Players eligible for the Rule 5 Draft are those who signed with a team when they were 19 or older and have played professionally for four years, and those who signed at 18 and have played for five years, and in either case are not on a Major League team's 40-man roster. Such players can be plucked from their original team in the Major League phase of the Draft and placed on the new team's 25-man roster for a fee of $50,000.
There are two other phases, a Triple-A Draft and a Double-A Draft. The rules are about the same, but the fees are less.
Unlike a trade, a Rule 5 Draft selection provides a guaranteed opportunity at Spring Training as a team that took a player in the Major League phase must have him on its 25-man Opening Day roster and keep him on it for the entire season or offer the player back to his original team. If the original team declines the offer, the player must be exposed to waivers.
The Rule 5 Draft concept is unique to Major League Baseball in that it allows a team to snag an underrated player from another organization and give him a shot to make the Majors.
Opportunity is thrust upon Minor Leaguers who instantly jump from depth prospect to a Major League roster spot when their name is called during the Winter Meetings in December.
"It's the best thing ever," said Mariners pitcher Lucas Luetge, taken from the Brewers in 2011. "I went from Double-A to the big leagues in the matter of an offseason."
It was a surprise in more ways than one for the reliever, who went on to pitch in 63 games with a 3.98 ERA out of the bullpen the following season.
"I didn't know what the Rule 5 Draft was before it happened," Luetge said. "I got the call that said, 'You got drafted,' and I had to look it up on the Internet to see what it meant."
Nine players were selected in the Major League phase of the most recent Rule 5 Draft. One of them was pitcher Seth Rosin, who was selected from the Phillies by the Mets and was subsequently traded to the Dodgers.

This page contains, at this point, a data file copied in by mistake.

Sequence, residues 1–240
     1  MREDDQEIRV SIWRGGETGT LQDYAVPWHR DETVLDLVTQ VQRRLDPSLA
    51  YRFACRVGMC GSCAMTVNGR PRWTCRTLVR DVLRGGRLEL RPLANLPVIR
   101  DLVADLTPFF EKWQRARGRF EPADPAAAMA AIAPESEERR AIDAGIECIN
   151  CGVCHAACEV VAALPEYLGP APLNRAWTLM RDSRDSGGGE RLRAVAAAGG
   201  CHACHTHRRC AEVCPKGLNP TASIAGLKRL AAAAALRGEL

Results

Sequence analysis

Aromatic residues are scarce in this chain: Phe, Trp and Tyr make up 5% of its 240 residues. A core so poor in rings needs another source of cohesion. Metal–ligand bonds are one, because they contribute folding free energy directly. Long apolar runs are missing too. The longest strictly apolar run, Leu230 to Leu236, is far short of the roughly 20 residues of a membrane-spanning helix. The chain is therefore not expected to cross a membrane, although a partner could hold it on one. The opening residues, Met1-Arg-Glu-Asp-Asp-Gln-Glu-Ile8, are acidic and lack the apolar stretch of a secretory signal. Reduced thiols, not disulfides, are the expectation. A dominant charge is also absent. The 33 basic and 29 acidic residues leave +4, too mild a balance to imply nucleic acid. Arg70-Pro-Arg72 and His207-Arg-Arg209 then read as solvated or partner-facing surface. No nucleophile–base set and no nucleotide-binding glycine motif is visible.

"Having a shot is eye-opening," Rosin said. "It's a lot of fun knowing that I can compete for a [Major League roster] spot this year, unlike the last time I was at a Major League camp, when I knew that I had no chance."
Like Rosin, selections can be traded, but the rules still apply.
More than 200 players have been selected in the past 15 years, including All-Stars Johan Santana (1999), Jose Bautista (2003) and Josh Hamilton ('06). Infielder Dan Uggla had success right away, becoming the first player to make an All-Star Game in his first season after being selected by the Marlins from the D-backs in 2005.
For all the success stories, players still face an uphill battle to earn a full-time roster spot, as many of them do not stick with their new clubs.
It is a big transition going from the Minors to the Majors, and the first battle is a mental one.
"You've got to be able to keep your emotions in check, because you're starting to see the big names you've watched on TV your whole life," Luetge said.
"At my first stretch, I look over and Ichiro [Suzuki] and Felix [Hernandez] are over there, and it's kind of surreal. All I knew about these guys is what I saw on TV; now I'm stretching with them," Luetge said.
Excitement and nerves are always a factor when joining a new team.
"I was a little timid coming [to the Rockies], because I didn't know anybody," said pitcher Tommy Kahnle, taken from the Yankees in December. "It's going to be a little strange, but so far it's been cool."
In the end, the Rule 5 Draft is all about opportunity. One team thinks enough of a young player to bring him into its clubhouse and see if he can make the team.
"It's kind of an honor," Kahnle said. "It's cool [the Rockies] wanted me. If I pitch well, maybe they'll keep me."